Clonogenic survival assays were performed as previously described [3]. Short-term survival assays were performed in 96-well plates. Cells were seeded in 96-well plates and drug was added after 24 hours. Cell viability was estimated after seven days using Cell-Titre Glo (Promega). Surviving fractions (SFs) were calculated and drug sensitivity curves plotted as previously described [3].

Quantitative RT-PCR

Cells were transfected with CBLC cDNA expression pCMV6 construct (Origene) then 24 hours later either infected with CBLC or control shRNA or transfected with CBLC or control siRNA. Quantitative RT-PCR was carried out using Assay-on-Demand primer/probe sets (Applied Biosystems). Gene expression was calculated relative to the expression of GAPDH, and adjusted relative to expression in shCONTROL or siCONTROL infected cells.


This work was funded by the European Community’s Seventh Framework Programme (project DDResponse, FP7/2007-2013) under grant agreement No. HEALTH-F2-2010-259893, the Danish Cancer Society, the Kellner Family Foundation, the Lundbeck Foundation (R93-A8990), the Danish Council for Independent Research (DFF-1331-00262), and the Grant Agency of the Czech Republic (Project No.:13-17555S).


1. De Vos M, Schreiber V and Dantzer F. The diverse roles and clinical relevance of PARPs in DNA damage repair: current state of the art. Biochem Pharmacol. 2012; 84(2):137-146.

2. Lord CJ, Tutt AN and Ashworth A. Synthetic Lethality and Cancer Therapy: Lessons Learned from the Development of PARP Inhibitors. Annu Rev Med. 2015; 66:455-470.

3. Farmer H, McCabe N, Lord CJ, Tutt AN, Johnson DA, Richardson TB, Santarosa M, Dillon KJ, Hickson I, Knights C, Martin NM, Jackson SP, Smith GC and Ashworth A. Targeting the DNA repair defect in BRCA mutant cells as a therapeutic strategy. Nature. 2005; 434(7035):917-921.

4. Bryant HE, Schultz N, Thomas HD, Parker KM, Flower D, Lopez E, Kyle S, Meuth M, Curtin NJ and Helleday T. Specific killing of BRCA2-deficient tumours with inhibitors of poly(ADP-ribose) polymerase. Nature. 2005; 434(7035):913-917.

5. PARP inhibitor approved, despite vote. Nat Biotechnol. 2015; 33(2):116.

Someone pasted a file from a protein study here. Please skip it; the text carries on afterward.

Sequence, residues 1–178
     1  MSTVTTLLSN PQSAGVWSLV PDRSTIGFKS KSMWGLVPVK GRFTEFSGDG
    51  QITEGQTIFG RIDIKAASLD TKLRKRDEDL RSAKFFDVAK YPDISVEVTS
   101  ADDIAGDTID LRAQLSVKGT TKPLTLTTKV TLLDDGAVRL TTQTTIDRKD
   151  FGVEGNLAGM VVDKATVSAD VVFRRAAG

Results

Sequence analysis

6. Murai J, Huang SY, Das BB, Renaud A, Zhang Y, Doroshow JH, Ji J, Takeda S and Pommier Y. Trapping of PARP1 and PARP2 by Clinical PARP Inhibitors. Cancer Res. 2012; 72(21):5588-5599.

7. Pettitt SJ, Rehman FL, Bajrami I, Brough R, Wallberg F, Kozarewa I, Fenwick K, Assiotis I, Chen L, Campbell J, Lord CJ and Ashworth A. A genetic screen using the PiggyBac transposon in haploid cells identifies Parp1 as a mediator of olaparib toxicity. PLoS One. 2013; 8(4):e61520.

8. Bajrami I, Frankum JR, Konde A, Miller RE, Rehman FL, Brough R, Campbell J, Sims D, Rafiq R, Hooper S, Chen L, Kozarewa I, Assiotis I, Fenwick K, Natrajan R, Lord CJ, et al. Genome-wide profiling of genetic synthetic lethality identifies CDK12 as a novel determinant of PARP1/2 inhibitor sensitivity. Cancer Res. 2014; 74(1):287-297.

9. Jackson SP and Durocher D. Regulation of DNA damage responses by ubiquitin and SUMO. Mol Cell. 2013; 49(5):795-807.

10. Lukas J, Lukas C and Bartek J. More than just a focus: The chromatin response to DNA damage and its role in genome integrity maintenance. Nat Cell Biol. 2011; 13(10):1161-1169.

11. Nishi R, Wijnhoven P, le Sage C, Tjeertes J, Galanty Y, Forment JV, Clague MJ, Urbe S and Jackson SP. Systematic characterization of deubiquitylating enzymes for roles in maintaining genome integrity. Nat Cell Biol. 2014; 16(10):1016-1026, 1011-1018.

12. Fong PC, Boss DS, Yap TA, Tutt A, Wu P, Mergui-Roelvink M, Mortimer P, Swaisland H, Lau A, O’Connor MJ, Ashworth A, Carmichael J, Kaye SB, Schellens JH and de Bono JS. Inhibition of poly(ADP-ribose) polymerase in tumors from BRCA mutation carriers. N Engl J Med. 2009; 361(2):123-134.

13. Moudry P, Lukas C, Macurek L, Hanzlikova H, Hodny Z, Lukas J and Bartek J. Ubiquitin-activating enzyme UBA1 is required for cellular response to DNA damage. Cell Cycle. 2012; 11(8):1573-1582.

14. Doil C, Mailand N, Bekker-Jensen S, Menard P, Larsen DH, Pepperkok R, Ellenberg J, Panier S, Durocher D, Bartek J, Lukas J and Lukas C. RNF168 binds and amplifies ubiquitin conjugates on damaged chromosomes to allow accumulation of repair proteins. Cell. 2009; 136(3):435-446.

15. Scheuermann JC, de Ayala Alonso AG, Oktaba K, Ly-Hartig N, McGinty RK, Fraterman S, Wilm M, Muir TW and Muller J. Histone H2A deubiquitinase activity of the Polycomb repressive complex PR-DUB. Nature. 2010; 465(7295):243-247.

16. Ihnen M, zu Eulenburg C, Kolarova T, Qi JW, Manivong K, Chalukya M, Dering J, Anderson L, Ginther C, Meuter A, Winterhoff B, Jones S, Velculescu VE, Venkatesan N, Rong HM, Dandekar S, et al. Therapeutic potential of the poly(ADP-ribose) polymerase inhibitor rucaparib for the treatment of sporadic human ovarian cancer. Mol Cancer Ther. 2013; 12(6):1002-1015.

17. Khoronenkova SV, Dianova, II, Ternette N, Kessler BM, Parsons JL and Dianov GL. ATM-dependent downregulation of USP7/HAUSP by PPM1G activates p53 response to DNA damage. Mol Cell. 2012; 45(6):801-813.

18. Swaminathan G and Tsygankov AY. The Cbl family proteins: ring leaders in regulation of cell signaling. J Cell Physiol. 2006; 209(1):21-43.

19. McCabe N, Turner NC, Lord CJ, Kluzek K, Bialkowska A, Swift S, Giavara S, O’Connor MJ, Tutt AN, Zdzienicka MZ, Smith GC and Ashworth A. Deficiency in the repair of DNA damage by homologous recombination and sensitivity to poly(ADP-ribose) polymerase inhibition. Cancer Res. 2006; 66(16):8109-8115.

20. Bonner WM, Redon CE, Dickey JS, Nakamura AJ, Sedelnikova OA, Solier S and Pommier Y. GammaH2AX and cancer. Nat Rev Cancer. 2008; 8(12):957-967.